In an earlier post I shared how some Bivocational leaders can compartmentalize the idea of work. They will often say something like, “I do my secular job to create the financial margin to do ministry at the church.” This leads us to sometimes value our ministry work over the work we do in the marketplace. But instead, we need to recognize that there should be no sacred-secular divide when it comes to work. If God reigns over all things (and He does!) then all work can be sacred. In other words, all work matters.
Work as Worship
But another reason all work matters is because of the connection Scripture makes between work and worship. The language of work in Genesis 2:15 (“The Lord God took the man and put him in the garden of Eden to work it and keep it.”) is rooted in the Hebrew word avodah, which in English is translated “to cultivate.”
In the Old Testament, the word avodah is translated in several different ways. In some cases, it is rendered as “work,” “service,” or “craftsmanship.” But other times it is translated as “worship.” Avodah is used to describe the hard work of God’s covenant people making bricks as slaves in Egypt (Ex. 1:14), the artists building the tabernacle (Ex. 35:24), and the fine craftsmanship of linen workers (1 Chron. 4:21).
The language of work in Genesis 2:15 (“The Lord God took the man and put him in the garden of Eden to work it and keep it.”) is rooted in the Hebrew word avodah, which in English is translated “to cultivate.”
Avodah also appears in the context of Solomon dedicating the temple. Solomon employs this word as he instructs the priests and Levites regarding their service in leading corporate worship and praise of the one true God (2 Chron. 8:14).
Whether it is making bricks, crafting fine linen, or leading others in corporate praise and worship, the Old Testament writers present a seamless understanding of work and worship. Though there are distinct nuances to avodah, a common thread of meaning emerges where work, worship, and service are inextricably linked and intricately connected. The various usages of this Hebrew word found first in Genesis 2:15 tell us that God’s original design and desire is that our work and our worship would be a seamless way of living. Properly understood, our work is to be thoughtfully woven into the integral fabric of Christian vocation, for God designed and intended our work, our vocational calling, to be an act of God-honoring worship.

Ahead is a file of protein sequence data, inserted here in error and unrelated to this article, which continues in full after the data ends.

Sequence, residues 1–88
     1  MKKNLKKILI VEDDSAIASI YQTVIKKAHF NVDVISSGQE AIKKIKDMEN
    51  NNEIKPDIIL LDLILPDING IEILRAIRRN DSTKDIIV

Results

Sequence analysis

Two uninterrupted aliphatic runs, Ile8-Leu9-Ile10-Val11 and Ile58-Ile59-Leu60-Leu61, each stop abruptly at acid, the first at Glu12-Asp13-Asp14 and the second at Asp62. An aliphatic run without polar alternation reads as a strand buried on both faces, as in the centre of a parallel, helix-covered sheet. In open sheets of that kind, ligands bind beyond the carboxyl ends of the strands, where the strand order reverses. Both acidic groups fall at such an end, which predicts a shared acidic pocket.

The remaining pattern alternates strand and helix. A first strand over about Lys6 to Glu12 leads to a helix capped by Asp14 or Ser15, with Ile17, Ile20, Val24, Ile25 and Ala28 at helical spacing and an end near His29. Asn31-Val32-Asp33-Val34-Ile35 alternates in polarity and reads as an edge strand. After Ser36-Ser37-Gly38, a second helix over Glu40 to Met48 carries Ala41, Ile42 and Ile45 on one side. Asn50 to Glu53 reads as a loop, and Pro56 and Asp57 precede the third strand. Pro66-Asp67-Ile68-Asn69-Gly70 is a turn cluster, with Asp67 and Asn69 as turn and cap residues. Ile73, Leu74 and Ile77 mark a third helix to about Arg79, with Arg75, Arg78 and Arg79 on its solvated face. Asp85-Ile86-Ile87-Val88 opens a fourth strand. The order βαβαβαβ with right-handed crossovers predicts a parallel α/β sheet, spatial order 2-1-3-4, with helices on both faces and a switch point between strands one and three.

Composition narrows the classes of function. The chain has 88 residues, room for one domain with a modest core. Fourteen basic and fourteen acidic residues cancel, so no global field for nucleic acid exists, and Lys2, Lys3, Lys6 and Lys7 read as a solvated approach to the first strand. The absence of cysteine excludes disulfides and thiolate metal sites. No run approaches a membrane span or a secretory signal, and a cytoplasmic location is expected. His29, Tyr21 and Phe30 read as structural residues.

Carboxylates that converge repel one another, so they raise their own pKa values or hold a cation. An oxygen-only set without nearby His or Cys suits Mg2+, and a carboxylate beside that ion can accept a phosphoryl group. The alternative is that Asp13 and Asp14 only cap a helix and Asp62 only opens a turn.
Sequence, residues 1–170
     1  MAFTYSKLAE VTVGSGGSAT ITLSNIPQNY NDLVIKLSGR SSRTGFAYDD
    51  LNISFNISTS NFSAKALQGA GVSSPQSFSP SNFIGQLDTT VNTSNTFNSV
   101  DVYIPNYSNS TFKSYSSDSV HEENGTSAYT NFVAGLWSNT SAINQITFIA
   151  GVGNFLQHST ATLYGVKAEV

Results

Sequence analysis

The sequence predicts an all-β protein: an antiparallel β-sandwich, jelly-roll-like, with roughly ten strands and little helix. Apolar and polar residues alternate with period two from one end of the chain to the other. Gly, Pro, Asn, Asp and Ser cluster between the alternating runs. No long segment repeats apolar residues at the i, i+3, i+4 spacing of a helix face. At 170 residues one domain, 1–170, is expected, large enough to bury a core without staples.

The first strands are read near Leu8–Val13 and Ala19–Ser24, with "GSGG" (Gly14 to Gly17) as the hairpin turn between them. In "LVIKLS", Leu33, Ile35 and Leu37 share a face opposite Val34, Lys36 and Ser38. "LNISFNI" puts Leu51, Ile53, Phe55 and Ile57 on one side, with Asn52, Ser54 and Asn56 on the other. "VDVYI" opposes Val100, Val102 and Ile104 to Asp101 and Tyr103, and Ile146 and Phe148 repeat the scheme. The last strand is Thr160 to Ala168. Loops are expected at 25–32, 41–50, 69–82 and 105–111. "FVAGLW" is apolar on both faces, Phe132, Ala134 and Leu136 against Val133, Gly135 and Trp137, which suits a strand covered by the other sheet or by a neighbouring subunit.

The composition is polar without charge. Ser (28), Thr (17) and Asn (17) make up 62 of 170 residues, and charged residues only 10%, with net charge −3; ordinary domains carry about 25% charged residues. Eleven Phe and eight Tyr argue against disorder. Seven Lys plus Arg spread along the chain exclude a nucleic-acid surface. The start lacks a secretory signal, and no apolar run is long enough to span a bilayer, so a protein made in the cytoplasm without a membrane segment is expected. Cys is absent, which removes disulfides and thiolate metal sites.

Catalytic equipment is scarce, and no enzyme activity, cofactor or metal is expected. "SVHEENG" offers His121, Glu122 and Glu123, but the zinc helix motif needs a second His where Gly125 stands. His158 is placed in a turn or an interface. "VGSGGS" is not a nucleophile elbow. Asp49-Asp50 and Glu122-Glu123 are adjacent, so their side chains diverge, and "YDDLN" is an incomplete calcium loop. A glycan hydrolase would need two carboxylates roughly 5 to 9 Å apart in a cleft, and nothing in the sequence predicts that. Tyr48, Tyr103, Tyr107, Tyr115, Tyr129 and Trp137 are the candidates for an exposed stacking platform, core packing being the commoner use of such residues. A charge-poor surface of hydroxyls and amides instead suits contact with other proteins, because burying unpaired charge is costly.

However, too often we think of worship as something we do on Sunday and work as something we do on Monday. This dichotomy is clearly not what God designed, or what he desires for our lives. God designed work to have both a vertical and horizontal dimension. We work to the glory of God (vertical) and for the furtherance of His mission and the common good (horizontal).
too often we think of worship as something we do on Sunday and work as something we do on Monday. This dichotomy is clearly not what God designed.
God is at Work – at Our Work
Building on the idea that all work is a sacred calling, the second key aspect of understanding our work is to realize that God is active in our workplaces. As Christians, we need to see that our work is not primarily about economic exchange. It is not about climbing the corporate ladder. It is not about achieving the American dream. Instead, it is about contributing to and participating in God’s mission.
As Christians, we need to see that our work is not primarily about economic exchange. It is not about climbing the corporate ladder. It is not about achieving the American dream. Instead, it is about contributing to and participating in God’s mission.
In a fascinating angle on vocation, Luther says that vocation is a mask of God. That is, God hides himself in the workplace: To speak of God being hidden is a way of describing His presence, as when a child hiding in the room is there, just not seen. To realize that the mundane activities that take up most of our lives—going to work, taking the kids to baseball practice, picking up a few things at the store, and going to church—are hiding places for God can be a revelation. Most people seek God in mystical experiences, spectacular miracles, and extraordinary acts. But to find Him in vocation brings Him, literally, down to earth. It makes us see how close He really is to each of us and transforms everyday life. In the simplest terms, Luther is reminding us that God is at work—at our work. God is active in and through our places of work, we just need to find Him there.
So, the next time you start to feel overwhelmed, or even guilty, by the time you must spend working your “day job,” over the time you spend at church, remember we were created to work. Work is good. It is good for us, but we are also contributing to the common good.
Written by Brad Brisco, Director of Multiplication Strategies for the Send Network.